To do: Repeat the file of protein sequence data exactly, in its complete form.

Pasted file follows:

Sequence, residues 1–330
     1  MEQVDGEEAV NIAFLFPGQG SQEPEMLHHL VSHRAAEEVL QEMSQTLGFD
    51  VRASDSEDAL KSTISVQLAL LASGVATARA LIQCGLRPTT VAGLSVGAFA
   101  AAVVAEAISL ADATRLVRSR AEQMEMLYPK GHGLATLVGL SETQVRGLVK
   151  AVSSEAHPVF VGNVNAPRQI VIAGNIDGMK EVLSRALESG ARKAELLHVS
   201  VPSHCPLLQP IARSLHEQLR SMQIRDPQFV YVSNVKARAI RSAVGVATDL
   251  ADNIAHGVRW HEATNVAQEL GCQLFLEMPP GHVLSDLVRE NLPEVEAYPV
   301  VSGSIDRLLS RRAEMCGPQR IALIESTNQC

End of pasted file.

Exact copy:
Sequence, residues 1–330
     1  MEQVDGEEAV NIAFLFPGQG SQEPEMLHHL VSHRAAEEVL QEMSQTLGFD
    51  VRASDSEDAL KSTISVQLAL LASGVATARA LIQCGLRPTT VAGLSVGAFA
   101  AAVVAEAISL ADATRLVRSR AEQMEMLYPK GHGLATLVGL SETQVRGLVK
   151  AVSSEAHPVF VGNVNAPRQI VIAGNIDGMK EVLSRALESG ARKAELLHVS
   201  VPSHCPLLQP IARSLHEQLR SMQIRDPQFV YVSNVKARAI RSAVGVATDL
   251  ADNIAHGVRW HEATNVAQEL GCQLFLEMPP GHVLSDLVRE NLPEVEAYPV
   301  VSGSIDRLLS RRAEMCGPQR IALIESTNQC